becomes possible. And indeed, the pictures on the next two pages [202, 203] show examples of what can happen if the rules are allowed to depend on the number of distinct nodes reached by following not just one but up to two successive connections from each node.
With such rules, the sequence of networks obtained no longer needs to form any kind of simple progression, and indeed one finds that even the total number of nodes at each step can vary in a way that seems in many respects completely random.
When we discuss issues of fundamental physics in Chapter 9 we will encounter a variety of other types of network systems—and I suspect that some of these systems will in the end turn out to be closely related to the basic structure of space and spacetime in our universe.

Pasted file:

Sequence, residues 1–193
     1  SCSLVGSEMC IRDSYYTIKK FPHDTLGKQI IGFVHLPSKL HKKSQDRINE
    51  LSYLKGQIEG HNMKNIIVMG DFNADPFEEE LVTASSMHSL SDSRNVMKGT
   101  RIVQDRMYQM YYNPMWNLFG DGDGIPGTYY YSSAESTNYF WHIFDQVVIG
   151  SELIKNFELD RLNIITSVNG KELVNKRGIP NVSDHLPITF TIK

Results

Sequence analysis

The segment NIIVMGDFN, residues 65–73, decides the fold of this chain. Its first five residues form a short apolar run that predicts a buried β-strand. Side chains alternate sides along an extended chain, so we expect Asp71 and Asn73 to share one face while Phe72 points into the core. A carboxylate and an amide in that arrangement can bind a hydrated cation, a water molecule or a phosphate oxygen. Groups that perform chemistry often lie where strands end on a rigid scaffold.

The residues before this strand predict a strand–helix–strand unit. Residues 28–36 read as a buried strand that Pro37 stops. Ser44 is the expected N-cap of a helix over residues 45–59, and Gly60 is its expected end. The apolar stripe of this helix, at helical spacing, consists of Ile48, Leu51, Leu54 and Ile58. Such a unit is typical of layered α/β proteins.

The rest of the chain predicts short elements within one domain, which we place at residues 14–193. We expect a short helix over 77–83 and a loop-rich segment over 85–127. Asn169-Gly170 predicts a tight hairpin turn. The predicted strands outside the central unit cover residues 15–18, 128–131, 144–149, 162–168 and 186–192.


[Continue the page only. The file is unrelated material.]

Examples of network systems with rules that cause different operations to be performed at different nodes. Each rule contains two cases, as shown above. The first case specifies what to do if both connections from a particular node lead to the same node; the second case specifies what to do when they lead to different nodes. In the rules shown, the connections from a particular node (indicated by a solid circle) and from new nodes created from this node always go to the nodes indicated by open circles that are reached by following just a single above or below connection from the original node. Even if this restriction is removed, however, more complicated behavior does not appear to be seen.